By default, Google collects a vast amount of data on users’ behavior, including a lifelong record of web searches, locations, and YouTube views.
But amid a privacy backlash and ongoing regulatory threats, the company has started to hype its recently released privacy tools, like the ability to automatically delete some of the data it collects about you—data that helps power its $116 billion ad business.
With a trip to Google’s activity controls page, you can choose to purge that data on a rolling three-month or 18-month basis. The company pitches this tool, along with the ability to manually delete data through Google’s activity pages, as one of many ways users can control their privacy.
“You should always be able to manage your data in a way that works best for you—and we’re committed to giving you the best controls to make that happen,” two Google product managers wrote on the company’s blog in May.
In reality, these auto-delete tools accomplish little for users, even as they generate positive PR for Google. Experts say that by the time three months rolls around, Google has already extracted nearly all the potential value from users’ data, and from an advertising standpoint, data becomes practically worthless when it’s more than a few months old.
“Anything up to one month is extremely valuable,” says David Dweck, the head of paid search at digital ad firm WPromote. “Anything beyond one month, we probably weren’t going to target you anyway.”
More recent, more value
Dweck says that in the digital ad industry, recent activity is essential. If you start searching on Google for real estate or looking up housing values, for instance, Google might lump you into a “prospective home buyers” category for advertisers. That information becomes instantly valuable to realtors, appraisers, and lenders for ad targeting, and it could remain valuable for a while as other companies, such as painters or appliance brands, try to follow up on your home buying.
Still, it’s unusual for advertisers to target users based on their activity from months earlier, Dweck says. There are exceptions—for example, he cites a TV network targeting baseball fans for playoff ads if they were active on Twitter in past seasons—but they’re rare.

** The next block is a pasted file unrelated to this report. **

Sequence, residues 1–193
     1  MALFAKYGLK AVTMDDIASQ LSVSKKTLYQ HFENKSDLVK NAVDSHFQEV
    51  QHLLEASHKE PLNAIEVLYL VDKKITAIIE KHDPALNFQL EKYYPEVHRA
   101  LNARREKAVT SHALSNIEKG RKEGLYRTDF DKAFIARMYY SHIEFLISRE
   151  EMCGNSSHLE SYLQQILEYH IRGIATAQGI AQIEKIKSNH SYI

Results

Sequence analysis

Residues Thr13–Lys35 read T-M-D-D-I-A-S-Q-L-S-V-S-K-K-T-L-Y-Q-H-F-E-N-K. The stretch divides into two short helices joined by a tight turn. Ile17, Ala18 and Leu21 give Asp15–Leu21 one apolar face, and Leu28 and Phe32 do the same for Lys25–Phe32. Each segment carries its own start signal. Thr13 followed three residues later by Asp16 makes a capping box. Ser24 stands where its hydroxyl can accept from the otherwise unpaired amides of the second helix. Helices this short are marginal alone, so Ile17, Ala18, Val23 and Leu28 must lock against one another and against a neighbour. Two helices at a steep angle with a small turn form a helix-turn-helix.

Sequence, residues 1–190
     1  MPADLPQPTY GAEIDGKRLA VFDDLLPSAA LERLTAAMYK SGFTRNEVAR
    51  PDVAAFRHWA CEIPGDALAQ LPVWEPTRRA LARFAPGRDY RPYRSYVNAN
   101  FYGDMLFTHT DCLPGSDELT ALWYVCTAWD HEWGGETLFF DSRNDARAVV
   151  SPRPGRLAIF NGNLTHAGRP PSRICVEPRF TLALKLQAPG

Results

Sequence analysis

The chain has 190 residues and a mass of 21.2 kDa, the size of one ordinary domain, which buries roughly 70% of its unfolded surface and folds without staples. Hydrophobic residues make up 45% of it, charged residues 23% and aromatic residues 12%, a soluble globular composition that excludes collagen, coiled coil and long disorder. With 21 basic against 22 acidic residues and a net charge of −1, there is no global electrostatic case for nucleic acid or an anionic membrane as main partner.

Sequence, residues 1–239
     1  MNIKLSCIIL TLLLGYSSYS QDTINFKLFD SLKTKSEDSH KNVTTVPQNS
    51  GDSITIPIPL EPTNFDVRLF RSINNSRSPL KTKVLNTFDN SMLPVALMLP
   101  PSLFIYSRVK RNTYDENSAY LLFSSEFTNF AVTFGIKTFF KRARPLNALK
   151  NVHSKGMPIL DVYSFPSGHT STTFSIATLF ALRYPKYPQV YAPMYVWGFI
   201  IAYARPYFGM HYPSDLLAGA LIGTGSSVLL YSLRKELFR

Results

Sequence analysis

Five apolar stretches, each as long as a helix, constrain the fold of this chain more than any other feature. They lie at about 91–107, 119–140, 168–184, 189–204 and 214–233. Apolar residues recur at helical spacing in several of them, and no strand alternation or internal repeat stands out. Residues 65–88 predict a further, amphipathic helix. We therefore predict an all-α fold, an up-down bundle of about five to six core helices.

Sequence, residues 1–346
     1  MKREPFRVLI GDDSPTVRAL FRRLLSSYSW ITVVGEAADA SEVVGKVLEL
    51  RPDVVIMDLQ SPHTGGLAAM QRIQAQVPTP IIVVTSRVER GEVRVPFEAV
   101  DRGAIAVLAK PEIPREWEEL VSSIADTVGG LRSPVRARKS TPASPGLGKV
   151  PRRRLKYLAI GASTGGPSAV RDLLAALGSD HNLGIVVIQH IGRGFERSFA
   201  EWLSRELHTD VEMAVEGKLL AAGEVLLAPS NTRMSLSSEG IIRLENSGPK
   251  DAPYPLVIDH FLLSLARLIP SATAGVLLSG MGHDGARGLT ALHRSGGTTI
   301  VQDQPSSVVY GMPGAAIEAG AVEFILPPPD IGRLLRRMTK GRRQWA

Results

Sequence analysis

“I feel like them auto-scrubbing data every three months is really lip service,” Dweck says. “It’s not some massive change, because the reality is that no one was really buying that data.”
Besides, Dweck says, deleting data from Google doesn’t stop advertisers from tracking you on their own. If you search for shoes on Google, and in the process click through to a shoe brand’s website, you’re now being tracked by that brand regardless of whether Google purges its own data. That tracking would likely be associated with whatever device you use, so it’ll stick until you buy a new phone or computer.
“Once you’ve taken an action on an advertiser’s website, for us that 90-day window doesn’t matter,” Dweck says.
Why not discard data sooner?
A Google spokesperson would only say that its research showed a preference among users for three-month and 18-month windows, noting that they cover an entire season or multiple seasons of data respectively. The spokesperson also says Google is open to feedback and may fine-tune its time frames in the future. It’s also worth noting that Google still lets users delete all of their activity data manually, though this requires visiting three separate pages for web and search, YouTube, and location history.
Jeremy Tillman, the president and head of product and marketing for the anti-tracking extension Ghostery, doesn’t buy the argument that users only want to delete data on a seasonal basis. He believes Google should offer much shorter auto-delete windows, or provide an option not to retain any activity data.